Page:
Blogs & Comment

What's missing from the ongoing U.S. debate over consumer credit

Recall back in May , when the Obama administration and Congress announced they were introducing new credit card reform? (Canada followed suit with similar proposals, albeit more moderate ones.) The goal was to reinstate an economy in which people only borrow what they can afford. The problem: such regulations will curtain American consumers’ access to creditat precisely the moment economic policymakers hope said consumers will start spending again.
Those regulations on credit card suppliers kicked in Stateside today, much to the applause of consumer protection groups across the country. But one Washington, D.C.-based group, Americans for Financial Reform (AFR) , says even these new laws are not enough to protect the vulnerable. According to AFR, what’s actually needed is a new Consumer Financial Protection Agency, whose sole mandate is to keep banks’ and card issuers’ fee-happy ways reined in.
According to Heather Booth,the director of AFR, the extra protections on rate-jacking and fee-hiking “are a major step forward along the long path toward restoring basic fairness in our financial system.” But, says Ms. Booth, there is still much work to be done. “Almost immediately after this landmark legislation was signed,” she says, “banks began figuring out how to get around it, racing to increase fees and alter rates without notice ahead of these changes and proving that a piecemeal approach to protecting financial consumers wont work.”
What Americans really need, Ms. Booth believes, is a “watchdog agency that is paying as close attention as the credit card companies are to the regulations and possible ways to skirt them. As we wait for the rest of the new regulations to be phased in next year, Congress must also take a broader look at how to prevent future abuses from hitting our wallets.
Unfortunately, preventing such abuses also means the American consumer will have considerably less access to creditin what is currently shaping up to be a jobless recovery Stateside. But that’s just an aside. What’s most interesting here is the thinking underpinning her argument: that somehow, those consumers ultimately werent responsible for their actions. Such thinking has been widespread in American analyses of what’s gone wrong with their economy over the past year. And in light of what needs to be done before America regains anything resembling fiscal health, that’s a major problem.
I am the last person to play apologist for credit card companies. I know too many people mostly young people who unfortunately need credit cards in order to survive, as a form of supplementary income to underpaid jobs. Such people get caught in a cycle of debt that is fiendishly difficult to escape.
What’s more, it’s fairly obvious that credit card practices are out of whack, if the strategic goal of many card suppliers was not to have a customer pay off the balance, but rather to hook unreliable credit risks willing to rack up big debts, from which banks and card companies made millions in fees. The hope is that the new laws on both sides of the border will help rein in such behaviour.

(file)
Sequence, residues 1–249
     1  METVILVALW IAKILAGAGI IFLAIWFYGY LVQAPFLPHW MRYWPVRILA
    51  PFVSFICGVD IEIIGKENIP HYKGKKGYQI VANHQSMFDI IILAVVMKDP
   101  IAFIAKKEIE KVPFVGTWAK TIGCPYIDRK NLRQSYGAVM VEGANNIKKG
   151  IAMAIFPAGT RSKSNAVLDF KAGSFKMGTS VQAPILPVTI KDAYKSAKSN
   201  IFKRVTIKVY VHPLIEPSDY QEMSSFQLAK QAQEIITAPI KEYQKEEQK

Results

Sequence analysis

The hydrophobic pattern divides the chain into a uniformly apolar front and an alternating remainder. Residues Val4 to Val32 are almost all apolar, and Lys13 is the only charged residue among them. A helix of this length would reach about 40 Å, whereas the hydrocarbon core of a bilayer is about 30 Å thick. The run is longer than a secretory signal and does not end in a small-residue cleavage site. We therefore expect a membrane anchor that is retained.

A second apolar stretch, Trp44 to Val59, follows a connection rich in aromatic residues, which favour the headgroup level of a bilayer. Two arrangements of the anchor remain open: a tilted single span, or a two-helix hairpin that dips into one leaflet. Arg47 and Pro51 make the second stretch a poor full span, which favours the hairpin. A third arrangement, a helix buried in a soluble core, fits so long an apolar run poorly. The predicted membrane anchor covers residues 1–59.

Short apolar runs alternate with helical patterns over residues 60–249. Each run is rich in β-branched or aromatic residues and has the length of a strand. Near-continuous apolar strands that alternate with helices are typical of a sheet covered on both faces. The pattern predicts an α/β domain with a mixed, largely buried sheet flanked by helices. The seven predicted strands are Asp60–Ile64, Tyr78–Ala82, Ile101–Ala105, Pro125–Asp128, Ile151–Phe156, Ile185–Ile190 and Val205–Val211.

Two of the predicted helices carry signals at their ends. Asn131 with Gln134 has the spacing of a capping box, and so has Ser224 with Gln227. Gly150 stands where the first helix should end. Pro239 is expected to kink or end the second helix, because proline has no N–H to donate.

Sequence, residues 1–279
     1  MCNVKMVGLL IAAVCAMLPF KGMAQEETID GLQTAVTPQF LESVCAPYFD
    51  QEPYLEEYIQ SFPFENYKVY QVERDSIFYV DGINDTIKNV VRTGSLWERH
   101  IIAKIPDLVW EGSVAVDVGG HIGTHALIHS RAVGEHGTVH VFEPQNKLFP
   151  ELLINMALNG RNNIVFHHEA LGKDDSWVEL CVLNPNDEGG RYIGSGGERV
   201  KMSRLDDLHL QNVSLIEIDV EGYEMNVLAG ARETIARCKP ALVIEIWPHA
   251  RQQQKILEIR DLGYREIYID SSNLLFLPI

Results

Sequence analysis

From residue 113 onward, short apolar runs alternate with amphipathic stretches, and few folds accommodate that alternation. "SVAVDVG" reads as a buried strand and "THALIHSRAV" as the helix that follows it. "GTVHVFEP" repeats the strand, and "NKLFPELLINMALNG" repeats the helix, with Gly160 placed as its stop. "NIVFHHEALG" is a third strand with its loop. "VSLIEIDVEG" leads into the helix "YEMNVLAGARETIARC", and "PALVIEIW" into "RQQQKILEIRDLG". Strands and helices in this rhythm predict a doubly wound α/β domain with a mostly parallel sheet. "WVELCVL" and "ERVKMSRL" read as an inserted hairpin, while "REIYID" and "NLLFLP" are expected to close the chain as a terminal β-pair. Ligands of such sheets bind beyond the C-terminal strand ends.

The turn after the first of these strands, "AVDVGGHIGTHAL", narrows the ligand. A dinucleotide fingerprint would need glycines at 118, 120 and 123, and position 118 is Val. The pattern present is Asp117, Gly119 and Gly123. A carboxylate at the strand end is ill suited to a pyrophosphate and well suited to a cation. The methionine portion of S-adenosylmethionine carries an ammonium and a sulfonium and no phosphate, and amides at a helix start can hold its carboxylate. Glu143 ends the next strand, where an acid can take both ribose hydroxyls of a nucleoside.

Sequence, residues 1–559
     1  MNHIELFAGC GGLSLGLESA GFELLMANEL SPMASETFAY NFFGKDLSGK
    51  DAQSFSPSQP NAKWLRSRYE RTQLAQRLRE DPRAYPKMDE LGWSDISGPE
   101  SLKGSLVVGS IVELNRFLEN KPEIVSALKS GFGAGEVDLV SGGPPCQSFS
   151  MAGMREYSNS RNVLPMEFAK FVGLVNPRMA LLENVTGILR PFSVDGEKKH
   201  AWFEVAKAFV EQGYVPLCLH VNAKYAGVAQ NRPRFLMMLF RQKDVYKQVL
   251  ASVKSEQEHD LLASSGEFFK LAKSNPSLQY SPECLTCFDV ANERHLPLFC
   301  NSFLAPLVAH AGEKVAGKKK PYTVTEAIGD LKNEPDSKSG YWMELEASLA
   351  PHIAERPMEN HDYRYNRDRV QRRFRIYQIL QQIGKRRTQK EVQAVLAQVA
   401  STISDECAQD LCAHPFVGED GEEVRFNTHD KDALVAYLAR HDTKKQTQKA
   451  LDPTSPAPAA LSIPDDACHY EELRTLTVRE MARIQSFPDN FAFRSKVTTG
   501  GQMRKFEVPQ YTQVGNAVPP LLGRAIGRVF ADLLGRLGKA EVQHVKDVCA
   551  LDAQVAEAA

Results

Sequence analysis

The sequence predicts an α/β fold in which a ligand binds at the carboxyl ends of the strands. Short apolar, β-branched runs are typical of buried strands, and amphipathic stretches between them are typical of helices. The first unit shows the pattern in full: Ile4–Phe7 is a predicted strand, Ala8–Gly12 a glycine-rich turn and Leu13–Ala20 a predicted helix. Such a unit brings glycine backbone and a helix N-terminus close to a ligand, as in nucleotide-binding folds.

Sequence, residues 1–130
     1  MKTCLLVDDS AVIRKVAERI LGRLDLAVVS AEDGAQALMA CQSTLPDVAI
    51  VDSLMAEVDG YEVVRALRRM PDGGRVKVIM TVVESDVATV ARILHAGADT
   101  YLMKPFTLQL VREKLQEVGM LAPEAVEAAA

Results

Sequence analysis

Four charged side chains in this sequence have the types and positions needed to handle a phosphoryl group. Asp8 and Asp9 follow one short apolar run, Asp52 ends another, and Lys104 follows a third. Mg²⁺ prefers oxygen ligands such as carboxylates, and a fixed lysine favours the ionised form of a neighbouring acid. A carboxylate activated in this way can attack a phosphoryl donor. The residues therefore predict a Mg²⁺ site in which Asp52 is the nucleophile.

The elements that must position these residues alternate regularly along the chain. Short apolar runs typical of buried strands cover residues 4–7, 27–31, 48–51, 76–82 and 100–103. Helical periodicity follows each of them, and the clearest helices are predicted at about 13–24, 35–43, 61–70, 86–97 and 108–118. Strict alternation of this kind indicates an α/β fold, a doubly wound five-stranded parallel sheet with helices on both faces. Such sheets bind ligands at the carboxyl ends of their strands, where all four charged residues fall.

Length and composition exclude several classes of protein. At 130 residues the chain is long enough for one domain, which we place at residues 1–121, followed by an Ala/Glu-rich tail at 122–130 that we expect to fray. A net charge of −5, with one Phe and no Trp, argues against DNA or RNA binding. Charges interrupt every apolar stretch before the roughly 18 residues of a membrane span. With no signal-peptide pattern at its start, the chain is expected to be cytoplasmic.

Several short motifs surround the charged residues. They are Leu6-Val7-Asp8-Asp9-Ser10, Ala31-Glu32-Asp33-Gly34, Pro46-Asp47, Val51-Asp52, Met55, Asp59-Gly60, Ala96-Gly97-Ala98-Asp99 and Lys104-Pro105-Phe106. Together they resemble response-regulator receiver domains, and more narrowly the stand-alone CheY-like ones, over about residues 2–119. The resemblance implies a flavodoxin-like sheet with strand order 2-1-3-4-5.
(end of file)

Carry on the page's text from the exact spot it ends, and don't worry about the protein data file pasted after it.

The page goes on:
All that said, the notion that many of the people involved in this super-consuming society, those racking up all this debt, were somehow not responsible for their actions, is ridiculous. It’s the same kind of thinking that implies that somehow those making a killing flipping properties during the housing boom are now wayward victims of a greedy financial system that enabled their behaviour, or, for that matter, that crowds roaring approval at Nazi rallies were somehow disengaged from what happened next.
Surveys such as this one from non-profit human resources organization WorldAtWorkshow that many on this continent have had their finances gouged in recent years by a triple whammy of stagnant wages, rising inflation and rising credit card fees. For such people, the new regulations brought in today are not just good they’re necessary. But what’s absurd is to try and argue that, when faced with a variety of credit options, most moderate-to-affluent American, and, let’s be honest, Canadian consumers had no other option butto live beyond their means.
Much of the superconsuming North American economy was driven by economically unsustainable consumption patterns that represent large numbers of people all deciding to consume in the same way. It’s those personal habits that need to change, if said consumer society is to regain fiscal health. In that light, it’s doubtful another regulator is going to be the best way to achieve that goal.
Unfortunately, the last time North Americans were in an economic hole this deep, what it ultimately took to get us out of it was a massive economic stimulus program called the Second World War. Let’s hope we won’t have to go quite so far this time.